Well…OK. But isn’t a very big part of the problem is that the EU seems to have fostered a community that is strangely limited. You actually highlight the problem well. At present the EU is absolutely wonderful if you have the wherewithal for, ‘a ski season in Austria or a summer working in a bar in Spain.’ But that is not a serious number, nor is it exactly what community is built on. You say that the EU has made it easier to start a life abroad. Well, again this is great if you are granny with your bubble-priced house to sell to a French banker. Not so great if you are young and competing for housing with the large influxes. It’s great if you work in a big multinational corporate. Not so great if you are having your job zeroed and outsourced to Romania. The EU might be there, but is it really and meaningfully accessible to large numbers? Put another way, is the a community for the winners, not the, ‘left-behinds.’

    The fundamental point here is that community implies reciprocity. If large numbers of UK people can not meaningfully head to countries East of Germany for wages/benefits/housing then this is not a reciprocal union. There’s more to community than student exchanges, skiing and Granny’s sunshine retirement. Flows of people (as well as capital) would look more even in a reciprocal union.

    I don’t know what the answer is. None of this of course is fixed, In 25 years’ time we may have advances in transport and translation technology that will really make the EU open and more reciprocal. My feeling is that technology, not treaty will save the EU vision.

    Not everyone is easy-living with ready access to the EU’s undoubted opportunities Ms Bearder. Now I’m sure that you know all this. But when you start throwing out lines like, ‘As EU citizens we have easy access to opportunities in 28 different countries,’ I think you fail to recognise that to many people that, ‘easy access,’ exists on paper only and you need to give much more thought to how the EU can be reciprocal in reality as well as on paper.

    The EU’s future can not just be about mobile professionals and those with time and capital and contacts on their hands.

  • Little Jackie Paper 16th Oct '15 - 7:08pm

    TJ – ‘ But where do we want to take this community?’

    Precisely – that is probably one of the most fundamental questions in the referendum. You and Ms Bearder are absolutely right that the EU can not merely be an economic transaction (important as that aspect may be). What has been lacking is BOTH a vision of the future of the EU and the OUT UK.

    If the EU is to have a future it is one where our young children will travel quickly, use their multi-language ear-piece and be able to base themselves in many countries North, South, East and West. It will be a mix of transient and settled. Does the EU have such direction? I’m honestly not convinced.

  • The EU is more than about the economy and a convenient destination for gap years or holiday jobs. I feel very sad that our young people have never experience true parliamentary democracy. They have grown up in a society where our legislation magically appears, handed down from Brussels with no hint of intention, public debate or the legislative process.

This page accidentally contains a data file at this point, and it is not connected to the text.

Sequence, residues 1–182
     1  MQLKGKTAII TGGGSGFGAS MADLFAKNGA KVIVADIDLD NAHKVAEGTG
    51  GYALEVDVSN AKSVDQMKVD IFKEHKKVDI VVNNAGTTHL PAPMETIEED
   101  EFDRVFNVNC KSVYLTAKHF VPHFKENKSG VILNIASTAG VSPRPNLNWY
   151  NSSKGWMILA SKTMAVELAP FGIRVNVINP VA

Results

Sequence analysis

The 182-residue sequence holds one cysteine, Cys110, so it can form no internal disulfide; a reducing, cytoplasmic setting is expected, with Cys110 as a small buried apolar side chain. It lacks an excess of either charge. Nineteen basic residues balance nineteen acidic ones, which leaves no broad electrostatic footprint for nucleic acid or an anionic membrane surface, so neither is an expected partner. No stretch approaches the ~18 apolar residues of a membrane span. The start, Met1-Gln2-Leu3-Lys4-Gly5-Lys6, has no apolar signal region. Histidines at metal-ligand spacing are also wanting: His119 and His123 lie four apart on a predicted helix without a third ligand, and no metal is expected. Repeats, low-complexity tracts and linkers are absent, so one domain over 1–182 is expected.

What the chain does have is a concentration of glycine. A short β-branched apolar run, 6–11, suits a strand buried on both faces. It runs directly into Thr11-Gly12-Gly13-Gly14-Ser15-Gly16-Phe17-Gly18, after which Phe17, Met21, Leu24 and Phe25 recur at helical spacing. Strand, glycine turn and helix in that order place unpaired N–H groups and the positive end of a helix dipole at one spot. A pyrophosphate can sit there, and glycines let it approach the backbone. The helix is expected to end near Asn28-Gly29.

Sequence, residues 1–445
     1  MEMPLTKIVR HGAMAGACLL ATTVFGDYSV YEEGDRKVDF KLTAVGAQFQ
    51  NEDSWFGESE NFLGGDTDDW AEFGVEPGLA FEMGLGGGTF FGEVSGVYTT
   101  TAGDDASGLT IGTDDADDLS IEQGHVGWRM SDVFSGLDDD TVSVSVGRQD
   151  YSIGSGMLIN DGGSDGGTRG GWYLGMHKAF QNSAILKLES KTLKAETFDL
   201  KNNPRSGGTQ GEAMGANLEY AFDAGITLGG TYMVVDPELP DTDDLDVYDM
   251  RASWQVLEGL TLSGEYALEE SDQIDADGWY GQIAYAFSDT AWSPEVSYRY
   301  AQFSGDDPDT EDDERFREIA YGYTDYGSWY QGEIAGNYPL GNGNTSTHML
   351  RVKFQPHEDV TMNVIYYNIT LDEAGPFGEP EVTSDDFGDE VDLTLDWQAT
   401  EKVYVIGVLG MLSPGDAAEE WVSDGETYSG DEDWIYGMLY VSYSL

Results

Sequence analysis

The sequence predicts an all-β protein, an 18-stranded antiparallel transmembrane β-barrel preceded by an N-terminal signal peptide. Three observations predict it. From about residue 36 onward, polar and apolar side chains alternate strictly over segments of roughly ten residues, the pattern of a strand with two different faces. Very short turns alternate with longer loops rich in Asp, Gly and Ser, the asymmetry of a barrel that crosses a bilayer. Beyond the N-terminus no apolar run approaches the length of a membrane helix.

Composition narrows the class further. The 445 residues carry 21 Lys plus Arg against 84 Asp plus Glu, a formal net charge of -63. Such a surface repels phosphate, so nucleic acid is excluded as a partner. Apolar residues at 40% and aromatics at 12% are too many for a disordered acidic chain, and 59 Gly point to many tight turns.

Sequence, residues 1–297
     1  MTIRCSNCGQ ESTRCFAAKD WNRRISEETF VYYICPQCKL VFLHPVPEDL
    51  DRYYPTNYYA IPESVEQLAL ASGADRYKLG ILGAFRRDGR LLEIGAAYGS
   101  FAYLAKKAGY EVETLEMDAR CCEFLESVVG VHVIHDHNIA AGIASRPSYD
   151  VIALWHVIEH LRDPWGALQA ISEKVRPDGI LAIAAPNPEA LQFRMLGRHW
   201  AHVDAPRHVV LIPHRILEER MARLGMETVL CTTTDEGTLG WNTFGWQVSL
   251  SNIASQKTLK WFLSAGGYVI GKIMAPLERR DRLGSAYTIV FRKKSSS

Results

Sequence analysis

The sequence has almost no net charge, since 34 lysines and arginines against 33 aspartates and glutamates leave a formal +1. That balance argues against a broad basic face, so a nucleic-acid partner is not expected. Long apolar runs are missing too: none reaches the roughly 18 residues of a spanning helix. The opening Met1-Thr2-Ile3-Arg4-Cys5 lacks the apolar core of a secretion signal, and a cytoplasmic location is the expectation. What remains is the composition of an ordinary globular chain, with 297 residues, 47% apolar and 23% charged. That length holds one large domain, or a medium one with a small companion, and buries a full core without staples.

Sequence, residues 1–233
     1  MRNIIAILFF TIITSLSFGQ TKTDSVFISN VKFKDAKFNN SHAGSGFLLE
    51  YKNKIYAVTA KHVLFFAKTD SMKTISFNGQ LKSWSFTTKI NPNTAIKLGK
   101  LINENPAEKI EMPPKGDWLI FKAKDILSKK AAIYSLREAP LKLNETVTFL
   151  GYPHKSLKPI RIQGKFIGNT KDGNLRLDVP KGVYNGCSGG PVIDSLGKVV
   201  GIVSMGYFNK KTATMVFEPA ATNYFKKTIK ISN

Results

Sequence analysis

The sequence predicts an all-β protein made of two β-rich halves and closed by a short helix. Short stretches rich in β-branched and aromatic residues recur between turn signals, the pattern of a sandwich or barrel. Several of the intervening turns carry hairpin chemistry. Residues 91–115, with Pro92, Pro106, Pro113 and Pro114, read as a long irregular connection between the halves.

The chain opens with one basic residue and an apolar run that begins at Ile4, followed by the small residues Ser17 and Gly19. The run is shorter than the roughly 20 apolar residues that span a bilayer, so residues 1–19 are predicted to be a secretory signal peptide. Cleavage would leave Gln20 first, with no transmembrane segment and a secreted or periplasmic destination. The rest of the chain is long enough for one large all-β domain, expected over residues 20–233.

When did you last hear the BBC report on today in the European Parliament and the decisions of the Commission?

    Almost every aspect of their lives are managed from Brussels by majority voting or directives from the Commission. They have probably never heard of the Famous Five. I refer to the Five Presidents who control everything. Still, that probably doesn’t matter. These people do not stand for election so our young people have no need to know about them.

  • Helen Dudden 16th Oct '15 - 8:39pm

    a very expensive place to try for court actions for child access under the Brussels 11a and Hague Convention.

    When the situation fails it fails. There was a pro bono completed in 2006, on how we need to work together to produce better results.

    Not all members don’t give their all, but those that fail, continue.

    Not my idea of a dream. I once supported the thoughts of Winston Churchill, and his very special speech in Zurich.

  • Eddie Sammon 16th Oct '15 - 9:34pm

    This is a good positive message, but the problem is the UK will choose people who sound like the PR department of the United Kingdom over ones that sound like the PR department of the European Union.

    We need to throw in some EU support with some EU bashing from time to time. It’s not good enough to just leave the bashing to others because then you get the PR department problem and the public will probably choose UK nationalists over EU nationalists/federalists.

    I’ve been learning French for the past 19 months and it hasn’t given me a romantic attachment to the EU. I think the strongly pro EU vote is tiny.

  • @Jo Wan
    The EU is a bureaucratic, inward looking, protectionist custom union, strangling its businesses with red tape so your view of its global power is misplaced. It is a captive market for Germany, but even that is now failing as the Euro divides the continent into those with an exchange rate that is too low and the rest with an exchange rate that is far too high.

    That is just one of the many reasons for it being a failed experiment.

  • Peter states : ‘They have grown up in a society where our legislation magically appears, handed down from Brussels with no hint of intention, public debate or the legislative process.’